Many of you wrote last week to say that I was too harsh on my friend Gillian, the woman with the “I can’t” attitude. Perhaps you’re right — I may have given up too early. I used to live like she does, and if I can turn it around, anyone can.
For a decade I was a deficit spender. I spent more than I earned. I used credit cards to fund a lifestyle that was beyond my means. Eventually I wised up — I destroyed my credit cards and cancelled my accounts, but my worries weren’t over yet. I wasn’t digging any deeper, but I was still stuck at the bottom of a hole: I was living paycheck-to-paycheck.
Twice a month I would deposit my paycheck, pay my bills, and then look to see how much was left. Whether the surplus was $20 or $200, I made plans for it: comic books, video games, clothes, whatever. I used to joke that I was an expert at spending every penny I had. Except that it was no joke. Late at night, when I couldn’t sleep, I would wonder why I could never get ahead.
I lived like this for years. You can maintain a paycheck-to-paycheck lifestyle for a long time if you’re not taking on new debt (and if disaster doesn’t strike). Here’s another way to look at it:
- If you spend more than you earn, you are acquiring debt.
- If you spend about what you earn, you are living paycheck-to-paycheck.
- If you spend less than you earn, you are acquiring wealth.
I don’t know about you, but my goal is the latter. Escaping the paycheck-to-paycheck lifestyle means building positive cash flow, getting ahead of your expenses. Instead of spending exactly what you earn, you need to save something every month; even $25 or $50 can make a difference. Once you start, this amount has a tendency to snowball. For me, a $25 surplus grew into a $100 surplus, which grew into $300 per month and more!
But how do you start generating this surplus? How do you escape from the paycheck-to-paycheck pit? Here are some ideas that worked for me — one or more of them may work for Gillian. Or for you.
- Start a savings account. For years I resisted the idea of opening a savings account. “Why should I?” I said. “I don’t have money to save. I barely have anything in my checking account!” But when I finally did open a savings account three years ago, a funny thing happened. I started finding money to stash there. It wasn’t much at first — $20 here, $75 there — but in time, it made a difference. Before long I had developed the savings habit.
- Pay yourself first. The best way to begin your escape is to save first, before you do anything else with your paycheck. I know this can be difficult. You worry that you won’t have enough for your bills, for gas, for food. But the danger is that if you don’t set the money aside first, you’ll just spend it. Have a small amount — $25? $50? — automatically deducted from your paycheck and placed into savings. Chances are you won’t even miss the money.
- Spend with purpose. You may want to consider a budget. Budgets aren’t scary, and they’re not difficult. Some people find them liberating. There are a variety of computer budgeting tools available, including:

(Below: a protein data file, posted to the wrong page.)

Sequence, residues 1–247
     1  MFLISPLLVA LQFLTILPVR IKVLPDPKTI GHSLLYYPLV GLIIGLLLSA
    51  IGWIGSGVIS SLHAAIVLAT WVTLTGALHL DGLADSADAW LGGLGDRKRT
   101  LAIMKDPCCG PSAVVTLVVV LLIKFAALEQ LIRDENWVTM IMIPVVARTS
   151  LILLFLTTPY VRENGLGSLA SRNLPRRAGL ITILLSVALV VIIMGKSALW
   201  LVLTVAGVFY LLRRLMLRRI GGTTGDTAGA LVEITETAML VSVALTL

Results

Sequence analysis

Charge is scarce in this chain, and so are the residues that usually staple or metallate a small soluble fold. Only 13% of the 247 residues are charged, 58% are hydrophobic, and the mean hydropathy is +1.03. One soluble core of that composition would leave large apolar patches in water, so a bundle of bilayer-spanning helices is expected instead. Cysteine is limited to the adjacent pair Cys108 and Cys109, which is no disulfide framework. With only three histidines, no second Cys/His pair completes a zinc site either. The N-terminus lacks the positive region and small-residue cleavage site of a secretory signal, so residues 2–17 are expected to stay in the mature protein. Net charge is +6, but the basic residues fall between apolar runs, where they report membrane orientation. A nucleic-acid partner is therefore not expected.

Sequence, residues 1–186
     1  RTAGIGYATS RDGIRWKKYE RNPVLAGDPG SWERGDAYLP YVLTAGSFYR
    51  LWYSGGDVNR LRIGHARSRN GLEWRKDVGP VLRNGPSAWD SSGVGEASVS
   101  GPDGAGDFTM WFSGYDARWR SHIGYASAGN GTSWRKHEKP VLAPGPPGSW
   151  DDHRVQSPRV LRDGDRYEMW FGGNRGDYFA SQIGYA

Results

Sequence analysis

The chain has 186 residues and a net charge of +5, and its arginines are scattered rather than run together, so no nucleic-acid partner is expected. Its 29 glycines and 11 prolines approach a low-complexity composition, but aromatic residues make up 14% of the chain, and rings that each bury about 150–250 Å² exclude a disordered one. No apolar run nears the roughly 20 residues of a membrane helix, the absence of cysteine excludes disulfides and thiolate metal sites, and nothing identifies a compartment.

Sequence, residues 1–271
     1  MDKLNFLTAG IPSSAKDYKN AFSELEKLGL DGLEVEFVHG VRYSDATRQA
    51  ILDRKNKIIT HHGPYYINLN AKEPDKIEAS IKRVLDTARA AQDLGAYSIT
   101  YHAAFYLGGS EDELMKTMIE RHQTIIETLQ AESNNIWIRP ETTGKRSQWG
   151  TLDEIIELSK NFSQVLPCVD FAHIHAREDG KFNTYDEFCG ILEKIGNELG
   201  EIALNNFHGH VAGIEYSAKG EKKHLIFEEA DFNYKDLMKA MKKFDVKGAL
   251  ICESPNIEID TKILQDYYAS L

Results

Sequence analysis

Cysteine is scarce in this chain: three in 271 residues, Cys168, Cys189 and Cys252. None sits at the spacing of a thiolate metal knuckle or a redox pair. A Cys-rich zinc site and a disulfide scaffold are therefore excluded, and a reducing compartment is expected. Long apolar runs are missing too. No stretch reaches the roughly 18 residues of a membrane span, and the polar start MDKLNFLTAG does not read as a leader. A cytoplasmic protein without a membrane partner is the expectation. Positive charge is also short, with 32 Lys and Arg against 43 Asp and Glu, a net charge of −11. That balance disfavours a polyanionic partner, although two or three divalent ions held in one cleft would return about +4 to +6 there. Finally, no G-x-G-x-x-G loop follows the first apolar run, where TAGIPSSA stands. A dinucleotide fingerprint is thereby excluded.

- YNAB – You Need a Budget
- The ever-evolving Get Rich Slowly budget spreadsheet by Stephen Popick.
A budget can be handy, but even if you can’t bring yourself to use one, you should know where your money needs to go.
- Draft a spending plan. I don’t keep a budget, but I do create a financial plan every few months. It’s nothing more than a quick financial snapshot showing my income and expenses. I also list upcoming major outlays. This helps me keep my financial goals in mind as I go about my daily life. It’s easier for me to decide not to buy the latest Spider-Man comic when I remember that I’m saving for a trip to Europe.
- Attack your debt. These methods are great, but if you really want to free up cash, pay off a debt. I recommend using a debt snowball to tackle your obligations one after the other. But if your goal is to ease financial pressure ASAP, you may want to try a slightly different approach. Pay off your debt with the smallest balance, but instead of rolling the freed cash flow into the next debt, use it to establish a savings buffer.
- Cut costs. This one’s obvious, but can be difficult. My friend Gillian views cutting costs as deprivation. If you’re willing to look behind the immediate sacrifices to the long-term gains, cutting costs is an excellent, quick way to free up cash. There are a million little things you can do to save money now.
- Boost your income. Many people have suggestions for how to cut costs, but few remember there’s a second side to the wealth equation. Earning extra money helps just as much as practicing frugality, and sometimes hurts less. But how do you get extra cash? Find a part-time job for a few months. Sell some of the stuff you’ve acquired over the years. Ask your boss for a raise. Find a way to make money from your hobbies.
- Avoid lifestyle inflation. A final way to escape the paycheck-to-paycheck purgatory is to opt out of lifestyle inflation. When you get a raise, don’t adjust your standard of living to match. Use part of this new money to pay off debt, and another part to accelerate your savings. When your friends show you their new iPhones, ooh and aah, but resist the urge to get one yourself. Learn to love what you already have.
When I became serious about my finances, I realized that living paycheck-to-paycheck was dangerous. I was always one disaster away from returning to the credit bandwagon. I made a resolution to stop living on the edge and to start saving. It was difficult at first. Old habits die hard. But with time and persistence — and with the habits above — I made the switch. Now, a couple years further on, I’m just beginning to profit from my hard work. I have a monthly cash surplus. I have escaped from the paycheck-to-paycheck lifestyle.
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